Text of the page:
A former Simi Valley mayor running for his 12th term and a computer instructor from Solvang are competing to represent the 24th Congressional District, which includes most of Ventura and Santa Barbara counties.

Incumbent Congressman Elton Gallegly (R-Simi Valley) is an archconservative who frustrated local Democrats by announcing his retirement, then taking it back. Marta Jorgensen (D-Solvang) is a first-time candidate who dropped out of the June primary campaign to endorse Jill Martinez, then jumped back in two weeks before the election to beat her.

With opposing views and varying backgrounds, the two have begun the battle for the coveted seat and are ready to talk about some of the country’s most controversial topics.
Gallegly, who was adamantly opposed to rescuing troubled banks, says he is not surprised the Bush Administration’s Wall Street bailout failed to reassure panicking investors who sent the Dow Jones index tumbling earlier this month.

“I said it wasn’t the answer; I voted against it,” Gallegly said in an Oct. 10 phone interview. “When the federal government takes over the private sector, it’s a very delicate situation.”

Among other priorities Gallegly plans to work on if he wins re-election, the Simi Valley Republican says he will hope to pass legislation against unscrupulous mortgage practices and punish lenders who engage in them.

“I can assure you that’s going to happen; those that feel as I do are going to force the issue,” Gallegly said, adding that he voted against both versions of the bailout bill because protections against out-and-out fraud weren’t included.

“That’s what I wanted in this bill; that’s what I’m going to work toward,” Gallegly said, noting that most people facing foreclosure made good faith efforts to keep up with their mortgage payments.

Besides working to resolve the mortgage crisis, Gallegly wants to make it cheaper to run a business in California; he says businesses are fleeing for other states with less regulation and lower tax burdens.

“We’re in an economy where regulations and taxes are very high, competing with states that don’t have the same tax structure,” Gallegly said. “But we have other elements; we’re a good place to live and raise a family.”

Gallegly supports efforts to crack down on illegal immigration, like the bill he introduced to require pre-arraignment screening of immigrants charged with crimes “so that they’re not just released right back out on the street; they’re held if they’re illegal.”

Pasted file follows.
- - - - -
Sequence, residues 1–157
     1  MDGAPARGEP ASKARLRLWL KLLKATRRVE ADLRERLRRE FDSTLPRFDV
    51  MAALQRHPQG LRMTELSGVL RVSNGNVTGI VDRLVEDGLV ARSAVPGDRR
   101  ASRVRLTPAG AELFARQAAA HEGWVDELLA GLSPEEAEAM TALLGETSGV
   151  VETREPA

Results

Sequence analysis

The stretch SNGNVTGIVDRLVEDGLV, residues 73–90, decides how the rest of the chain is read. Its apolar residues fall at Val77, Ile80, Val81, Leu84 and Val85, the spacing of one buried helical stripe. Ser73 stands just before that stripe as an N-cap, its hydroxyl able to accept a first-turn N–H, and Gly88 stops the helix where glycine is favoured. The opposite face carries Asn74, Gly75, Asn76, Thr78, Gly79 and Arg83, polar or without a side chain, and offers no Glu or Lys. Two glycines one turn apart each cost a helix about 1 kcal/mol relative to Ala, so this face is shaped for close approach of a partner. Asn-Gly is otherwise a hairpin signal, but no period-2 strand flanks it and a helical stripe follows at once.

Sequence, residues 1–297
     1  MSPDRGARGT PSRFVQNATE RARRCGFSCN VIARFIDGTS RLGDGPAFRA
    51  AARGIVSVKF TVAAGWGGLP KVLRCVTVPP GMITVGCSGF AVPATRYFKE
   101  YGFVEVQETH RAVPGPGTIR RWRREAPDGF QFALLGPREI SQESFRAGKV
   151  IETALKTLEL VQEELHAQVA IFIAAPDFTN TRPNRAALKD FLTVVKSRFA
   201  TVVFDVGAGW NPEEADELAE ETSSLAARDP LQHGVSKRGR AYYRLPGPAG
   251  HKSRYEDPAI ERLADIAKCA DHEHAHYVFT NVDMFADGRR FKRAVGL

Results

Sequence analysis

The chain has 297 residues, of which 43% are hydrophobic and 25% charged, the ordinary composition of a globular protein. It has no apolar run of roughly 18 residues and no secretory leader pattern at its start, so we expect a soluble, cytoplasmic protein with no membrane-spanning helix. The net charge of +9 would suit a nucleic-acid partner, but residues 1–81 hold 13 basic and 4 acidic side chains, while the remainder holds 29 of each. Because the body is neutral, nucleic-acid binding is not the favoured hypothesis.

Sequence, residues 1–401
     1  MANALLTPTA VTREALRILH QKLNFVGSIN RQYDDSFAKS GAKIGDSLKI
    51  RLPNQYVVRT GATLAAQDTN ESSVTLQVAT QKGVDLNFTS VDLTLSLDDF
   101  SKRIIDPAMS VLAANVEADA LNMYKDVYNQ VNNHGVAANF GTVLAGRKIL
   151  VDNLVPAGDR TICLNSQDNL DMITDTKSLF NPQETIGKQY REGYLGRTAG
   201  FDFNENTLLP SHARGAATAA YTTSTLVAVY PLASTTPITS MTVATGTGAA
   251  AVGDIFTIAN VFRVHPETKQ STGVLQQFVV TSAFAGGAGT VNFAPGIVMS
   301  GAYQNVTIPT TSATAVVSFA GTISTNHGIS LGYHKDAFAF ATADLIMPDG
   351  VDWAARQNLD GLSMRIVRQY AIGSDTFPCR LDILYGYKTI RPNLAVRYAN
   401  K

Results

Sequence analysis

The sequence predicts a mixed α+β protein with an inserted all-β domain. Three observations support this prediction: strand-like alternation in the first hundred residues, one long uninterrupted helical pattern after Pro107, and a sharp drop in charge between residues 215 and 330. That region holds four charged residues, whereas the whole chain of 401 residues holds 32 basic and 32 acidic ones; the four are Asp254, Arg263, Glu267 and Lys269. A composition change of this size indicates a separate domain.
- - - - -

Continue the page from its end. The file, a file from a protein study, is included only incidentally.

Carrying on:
Quality of health care is as important as affordability, says Gallegly, who favors giving tax incentives to people for health care programs.

“If you have something that is affordable but isn’t worth a damn, that’s not acceptable,” said Gallegly. “I have fought to get group plans for small businesses that have not traditionally been able to afford health care.”

Gallegly’s opponent is Democrat Marta Jorgensen, a Solvang private school instructor who beat two other women in the June primary despite dropping out of the race in April, then jumping back in two weeks before the election at the request of supporters.

“The Republicans like to think that nobody knows who I am,” Jorgensen said in a Monday phone interview. But Jorgensen says she gets phone calls from people who not only say they want change, they are specifically tired of Gallegly.

“They tell me how dismissive he is, how out-of-touch with voters he is,” Jorgensen said. “A lot of people feel pretty much disenfranchised.”

Jorgensen is as clear about her positions as Gallegly is, and agrees with him that more needs to be done to help homeowners facing foreclosure by regulating lenders more strictly.

“The (bailout) plan did not offer any means to regulate the market,” says Jorgensen, who notes four million homes face foreclosure. “(Lenders) do pretty much what they want, it’s profit-driven.

“I think we need to refinance mortgages and to offer an economic stimulus package —(recovery) won’t happen overnight, but we can stall a lot of damage.”

Jorgensen is a proponent of shifting regulation of financial and other institutions to local governments, a concept she believes will get popular support, thanks to dissatisfaction with the status quo.

“The concept is to rebuild bottom-up so power sources are localized,” explained Jorgensen. “There are some economists who say this kind of restructuring could work with a lot of structures.”

Like Gallegly, Jorgensen believes it is too expensive to run a business in California and supports lowering franchise taxes on corporations.

“I’d like to see something done to make it more economical to do business here. That would be a good place to start,” she said, adding that she would bring jobs and more affordable housing to the region with economic incentives for builders who focus on lower-priced homes.

“So instead of $800,000 mini-estates, they work toward more realistic goals,” Jorgensen said. “Not cheaper quality but cheaper cost, so that the average person can buy a house.”

For health care reform, Jorgensen favors expanding Medicare and likes the model used by State Senator Sheila Kuehl in the health care bill now sitting on Gov. Arnold Schwarzenegger’s desk.

“Unfortunately, thanks to budget cuts, it will probably get vetoed,” said Jorgensen.